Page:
Discovering new materials and improving our control of the structure and properties of known materials are keys to the continued growth of our economy and our ability to improve life and health for future generations. Airplanes, appliances, computers, automobiles, smartphones, and just about everything else we use are combinations of metals, ceramics, polymers, and natural materials such as cellulose. As consumer demands and competitive requirements drive more complex, higher-efficiency, and enhanced-performance materials solutions, we continue to push the frontiers of the physical limitations of many of the materials in use today.
The core role of materials research and development in addressing this grand challenge of new and improved materials that can provide a technology leadership position in advanced manufacturing is recognized by the federal Materials Genome Initiative. It is also supported by the industry-led initiative in Integrated Computational Materials Engineering.
New concepts are often birthed in the research laboratory with the potential to generate game-changing, disruptive technologies that affect new generations of products, ranging from microelectronic sensors and communication devices, to energy harvesting systems, to mobile devices for energy conversion and storage, to sustainable transportation systems. Novel methodologies and modes of collaboration to accelerate the pace of evaluating and translating these technologies into industry practice are key ingredients that play into Georgia Tech’s strengths in fundamental research and industry-relevant development.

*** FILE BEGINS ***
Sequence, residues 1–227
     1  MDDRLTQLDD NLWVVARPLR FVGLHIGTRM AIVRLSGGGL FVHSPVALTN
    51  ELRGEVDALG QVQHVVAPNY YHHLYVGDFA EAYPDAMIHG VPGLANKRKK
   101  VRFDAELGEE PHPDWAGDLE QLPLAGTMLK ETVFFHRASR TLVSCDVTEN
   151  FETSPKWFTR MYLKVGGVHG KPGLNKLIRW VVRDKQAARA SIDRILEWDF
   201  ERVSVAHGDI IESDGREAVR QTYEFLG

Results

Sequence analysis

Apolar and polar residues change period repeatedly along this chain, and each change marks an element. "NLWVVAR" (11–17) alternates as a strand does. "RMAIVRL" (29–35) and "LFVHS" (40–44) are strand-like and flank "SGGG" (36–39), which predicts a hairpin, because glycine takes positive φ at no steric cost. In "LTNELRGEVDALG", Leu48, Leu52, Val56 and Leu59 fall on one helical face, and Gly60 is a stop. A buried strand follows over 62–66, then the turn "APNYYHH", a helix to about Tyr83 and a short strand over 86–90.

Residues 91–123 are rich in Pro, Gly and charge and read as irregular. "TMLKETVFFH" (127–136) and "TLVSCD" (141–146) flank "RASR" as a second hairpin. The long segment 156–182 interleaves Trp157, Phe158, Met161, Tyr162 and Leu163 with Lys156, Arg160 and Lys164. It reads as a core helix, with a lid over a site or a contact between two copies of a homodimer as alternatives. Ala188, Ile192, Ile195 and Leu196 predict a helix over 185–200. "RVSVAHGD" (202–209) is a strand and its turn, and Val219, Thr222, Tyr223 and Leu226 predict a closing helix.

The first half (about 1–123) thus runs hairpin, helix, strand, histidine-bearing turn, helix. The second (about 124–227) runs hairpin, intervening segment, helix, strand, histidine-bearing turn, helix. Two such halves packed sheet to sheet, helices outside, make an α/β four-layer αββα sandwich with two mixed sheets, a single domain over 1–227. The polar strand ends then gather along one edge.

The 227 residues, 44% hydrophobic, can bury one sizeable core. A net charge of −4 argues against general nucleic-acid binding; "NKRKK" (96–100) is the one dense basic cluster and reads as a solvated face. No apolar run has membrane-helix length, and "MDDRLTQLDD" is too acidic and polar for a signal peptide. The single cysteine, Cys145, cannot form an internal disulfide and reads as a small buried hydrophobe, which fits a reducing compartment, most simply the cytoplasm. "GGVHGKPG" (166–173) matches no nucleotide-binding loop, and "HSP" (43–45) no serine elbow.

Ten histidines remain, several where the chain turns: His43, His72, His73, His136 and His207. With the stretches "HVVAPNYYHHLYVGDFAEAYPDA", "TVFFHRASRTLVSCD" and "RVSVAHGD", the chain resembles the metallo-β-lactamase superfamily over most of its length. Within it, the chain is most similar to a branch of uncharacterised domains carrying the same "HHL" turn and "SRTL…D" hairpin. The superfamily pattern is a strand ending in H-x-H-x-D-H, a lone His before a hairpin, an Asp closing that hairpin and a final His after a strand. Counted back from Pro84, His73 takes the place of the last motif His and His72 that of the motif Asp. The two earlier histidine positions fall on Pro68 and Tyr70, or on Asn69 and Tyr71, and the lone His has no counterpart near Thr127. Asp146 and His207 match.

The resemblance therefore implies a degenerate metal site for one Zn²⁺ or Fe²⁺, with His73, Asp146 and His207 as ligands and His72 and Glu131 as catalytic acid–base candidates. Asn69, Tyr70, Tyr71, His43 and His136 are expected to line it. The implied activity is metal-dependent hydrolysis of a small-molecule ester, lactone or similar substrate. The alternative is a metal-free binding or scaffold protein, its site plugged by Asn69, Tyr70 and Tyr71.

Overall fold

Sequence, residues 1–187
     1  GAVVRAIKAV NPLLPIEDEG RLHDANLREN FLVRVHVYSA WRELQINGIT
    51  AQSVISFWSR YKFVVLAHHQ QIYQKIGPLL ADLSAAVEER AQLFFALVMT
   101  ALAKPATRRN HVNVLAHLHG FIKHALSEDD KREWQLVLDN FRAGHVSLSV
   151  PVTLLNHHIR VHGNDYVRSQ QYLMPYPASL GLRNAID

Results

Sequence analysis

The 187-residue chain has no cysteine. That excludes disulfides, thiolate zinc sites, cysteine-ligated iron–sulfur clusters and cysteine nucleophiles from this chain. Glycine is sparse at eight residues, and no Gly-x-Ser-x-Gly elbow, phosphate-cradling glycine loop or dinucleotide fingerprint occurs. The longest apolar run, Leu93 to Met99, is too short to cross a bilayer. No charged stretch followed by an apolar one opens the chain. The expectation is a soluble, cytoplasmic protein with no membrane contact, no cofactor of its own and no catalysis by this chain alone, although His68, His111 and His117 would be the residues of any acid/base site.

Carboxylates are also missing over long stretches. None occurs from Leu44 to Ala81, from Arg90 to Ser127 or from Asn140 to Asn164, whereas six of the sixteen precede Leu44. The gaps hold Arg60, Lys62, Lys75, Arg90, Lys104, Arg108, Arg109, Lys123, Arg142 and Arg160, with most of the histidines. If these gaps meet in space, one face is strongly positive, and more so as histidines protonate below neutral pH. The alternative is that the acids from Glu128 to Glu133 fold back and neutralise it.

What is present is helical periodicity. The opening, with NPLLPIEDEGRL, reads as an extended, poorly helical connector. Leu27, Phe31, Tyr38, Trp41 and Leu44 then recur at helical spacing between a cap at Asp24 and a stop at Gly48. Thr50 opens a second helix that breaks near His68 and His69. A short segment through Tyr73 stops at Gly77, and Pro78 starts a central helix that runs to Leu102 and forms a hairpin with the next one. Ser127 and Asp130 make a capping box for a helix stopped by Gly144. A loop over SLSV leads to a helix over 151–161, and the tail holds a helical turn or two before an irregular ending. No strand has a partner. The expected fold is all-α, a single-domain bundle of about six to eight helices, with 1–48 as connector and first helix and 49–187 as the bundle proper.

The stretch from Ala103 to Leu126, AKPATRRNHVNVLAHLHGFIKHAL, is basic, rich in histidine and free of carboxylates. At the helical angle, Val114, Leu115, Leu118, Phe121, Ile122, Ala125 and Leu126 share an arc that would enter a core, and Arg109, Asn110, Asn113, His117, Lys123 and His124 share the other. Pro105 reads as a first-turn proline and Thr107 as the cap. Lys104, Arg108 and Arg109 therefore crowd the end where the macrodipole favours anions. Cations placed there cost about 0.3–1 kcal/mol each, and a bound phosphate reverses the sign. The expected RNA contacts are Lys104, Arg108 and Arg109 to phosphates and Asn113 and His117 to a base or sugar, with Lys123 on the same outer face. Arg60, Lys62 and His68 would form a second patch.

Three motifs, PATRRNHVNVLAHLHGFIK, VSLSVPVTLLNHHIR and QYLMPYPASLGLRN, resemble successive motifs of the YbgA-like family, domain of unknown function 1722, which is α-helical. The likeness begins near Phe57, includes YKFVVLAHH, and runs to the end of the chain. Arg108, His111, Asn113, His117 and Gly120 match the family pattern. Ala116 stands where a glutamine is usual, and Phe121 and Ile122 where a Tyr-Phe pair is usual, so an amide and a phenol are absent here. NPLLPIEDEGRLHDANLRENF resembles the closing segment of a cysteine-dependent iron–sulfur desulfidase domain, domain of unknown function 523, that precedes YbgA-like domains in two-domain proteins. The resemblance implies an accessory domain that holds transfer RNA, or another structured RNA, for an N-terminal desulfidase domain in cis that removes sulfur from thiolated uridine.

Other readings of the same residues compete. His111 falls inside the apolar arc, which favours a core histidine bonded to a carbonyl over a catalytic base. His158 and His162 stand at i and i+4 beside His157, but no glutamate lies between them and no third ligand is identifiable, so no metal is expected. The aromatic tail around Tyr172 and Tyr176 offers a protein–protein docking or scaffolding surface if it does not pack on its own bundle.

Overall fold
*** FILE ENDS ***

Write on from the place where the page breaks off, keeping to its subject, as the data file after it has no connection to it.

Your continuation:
The Institute for Materials is positioned to amplify the impact of Georgia Tech's research infrastructure through its shared resources and materials innovation initiatives, constructing a foundation to support distributed, collaborative materials research and education for the 21st century.
The Institute for Materials brings value to internal and external stakeholders by:
- Fostering integrative linkages to equipment and shared user resources such as the Materials Characterization Facility.
- Supporting cross-cutting, large scale research proposal development.
- Building new modes for networking and e-collaboration in materials discovery and development. http://acceleratornetwork.org
- Enhancing collaboration at the seams of core strengths in materials research and grand challenge problems through workshops, team-building, and seed funding.
- Helping to form strategic partnerships with industry, academia, and government.
- Building strategic partnerships with industry, academia and government aimed at accelerating the pace of materials discovery and development
- Supporting forward-looking initiatives in interdisciplinary research and education program development.